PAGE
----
My friend Sarah Lund wrote a book about her experience being a Christian dealing with mental health struggles in her family. It’s called Breaking the Silence about Mental Illness, Family, and the Church. During this mental health awareness month of May, she is opening up conversations in churches about mental illness. Because maybe you’ve noticed- we don’t talk about this much. Especially in church.
My first experience with mental illness as a pastor was many years ago. A couple struggling in their marriage came to talk with me. It became apparent to me that there was something unwell about the husband’s frame of mind. A little gentle digging in conversation revealed that he had been diagnosed with a mental disorder but was not taking medication nor going to therapy for it. “We pray every day for him to be healed, that’s what our faith tells us to do,” the wife said. “We go to church, we read the Bible together, we know God will heal him.” Meanwhile every day was a dark, secret, emotional roller coaster that left me queasy just hearing about it, much less riding it.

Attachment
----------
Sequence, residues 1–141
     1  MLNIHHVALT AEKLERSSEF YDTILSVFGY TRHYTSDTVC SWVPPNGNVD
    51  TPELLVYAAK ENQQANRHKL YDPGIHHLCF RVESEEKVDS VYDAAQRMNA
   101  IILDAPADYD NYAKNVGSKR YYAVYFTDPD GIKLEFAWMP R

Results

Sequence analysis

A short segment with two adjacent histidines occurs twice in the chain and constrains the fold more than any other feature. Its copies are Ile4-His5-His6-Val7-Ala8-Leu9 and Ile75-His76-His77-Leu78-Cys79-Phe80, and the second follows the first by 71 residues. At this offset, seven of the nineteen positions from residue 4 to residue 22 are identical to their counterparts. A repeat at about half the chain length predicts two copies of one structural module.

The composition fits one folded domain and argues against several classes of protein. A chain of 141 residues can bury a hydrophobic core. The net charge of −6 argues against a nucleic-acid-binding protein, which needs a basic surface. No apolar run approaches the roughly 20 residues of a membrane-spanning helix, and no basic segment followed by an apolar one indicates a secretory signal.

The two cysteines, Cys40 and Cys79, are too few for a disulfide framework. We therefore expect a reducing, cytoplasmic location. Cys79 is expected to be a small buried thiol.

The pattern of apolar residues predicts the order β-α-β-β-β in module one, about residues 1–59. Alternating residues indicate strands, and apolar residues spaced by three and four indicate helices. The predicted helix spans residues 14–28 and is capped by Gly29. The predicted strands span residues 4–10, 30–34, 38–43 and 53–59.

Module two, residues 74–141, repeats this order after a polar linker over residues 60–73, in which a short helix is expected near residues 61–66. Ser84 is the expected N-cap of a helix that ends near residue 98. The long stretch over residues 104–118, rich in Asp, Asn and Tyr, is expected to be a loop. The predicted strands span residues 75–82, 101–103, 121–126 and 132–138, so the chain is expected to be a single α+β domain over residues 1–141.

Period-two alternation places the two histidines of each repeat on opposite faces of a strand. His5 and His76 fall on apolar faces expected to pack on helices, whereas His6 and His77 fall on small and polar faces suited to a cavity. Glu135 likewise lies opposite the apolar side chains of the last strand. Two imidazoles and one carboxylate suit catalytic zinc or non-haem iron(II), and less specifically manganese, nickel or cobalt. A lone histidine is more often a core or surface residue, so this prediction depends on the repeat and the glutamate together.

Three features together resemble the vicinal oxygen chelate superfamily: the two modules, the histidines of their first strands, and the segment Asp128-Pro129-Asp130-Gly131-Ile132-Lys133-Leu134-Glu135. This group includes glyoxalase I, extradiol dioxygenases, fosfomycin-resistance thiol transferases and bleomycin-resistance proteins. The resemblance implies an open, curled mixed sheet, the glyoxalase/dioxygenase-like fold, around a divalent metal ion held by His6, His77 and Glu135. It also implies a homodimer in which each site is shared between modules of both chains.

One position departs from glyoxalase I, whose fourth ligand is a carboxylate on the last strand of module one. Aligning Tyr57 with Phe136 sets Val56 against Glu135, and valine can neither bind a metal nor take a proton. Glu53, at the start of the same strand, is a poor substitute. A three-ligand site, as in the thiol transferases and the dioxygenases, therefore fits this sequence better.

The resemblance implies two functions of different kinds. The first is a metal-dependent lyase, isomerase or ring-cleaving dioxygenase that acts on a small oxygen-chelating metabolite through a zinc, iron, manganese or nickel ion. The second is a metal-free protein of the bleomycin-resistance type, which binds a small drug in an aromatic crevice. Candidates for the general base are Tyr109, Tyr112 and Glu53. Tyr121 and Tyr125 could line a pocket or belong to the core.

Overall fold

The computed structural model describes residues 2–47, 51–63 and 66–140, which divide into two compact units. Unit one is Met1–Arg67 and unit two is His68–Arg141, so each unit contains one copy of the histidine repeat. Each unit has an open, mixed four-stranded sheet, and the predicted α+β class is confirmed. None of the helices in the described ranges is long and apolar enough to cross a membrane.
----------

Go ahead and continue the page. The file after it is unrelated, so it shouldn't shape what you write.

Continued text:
But somehow they’d gotten the idea that their faith told them to pray instead of taking medication and going to counseling, rather than to pray and take medication and go to counseling. I’ve heard that sentiment many, many times since then.
Many people think they just somehow need to believe enough, pray enough, read Scripture enough, think positively enough, and surely God will shake this thing! But dear friends, if your arm had been broken for the last 6 months, would you try to suck it up and pray through it? No! You would seek medical help as well as spiritual help. Why be any different about the chemistry of your brain?
Taking care of our mental health is simply taking care of our health. Going to see a counselor is no different from going to the dentist. Scripture tells us that our bodies are God’s dwelling place (1 Corinthians 6:19) and that we honor God when we care for them (1 Corinthians 6:20). Last time I checked, the brain is a part of the body!
Let’s dispel our shame and our misunderstandings about mental health. May we walk together off of those dark roller coasters into the light of Christ. After all, Jesus said in John 12:46, “I have come into the world as a light, so that no one who believes in me should stay in darkness.”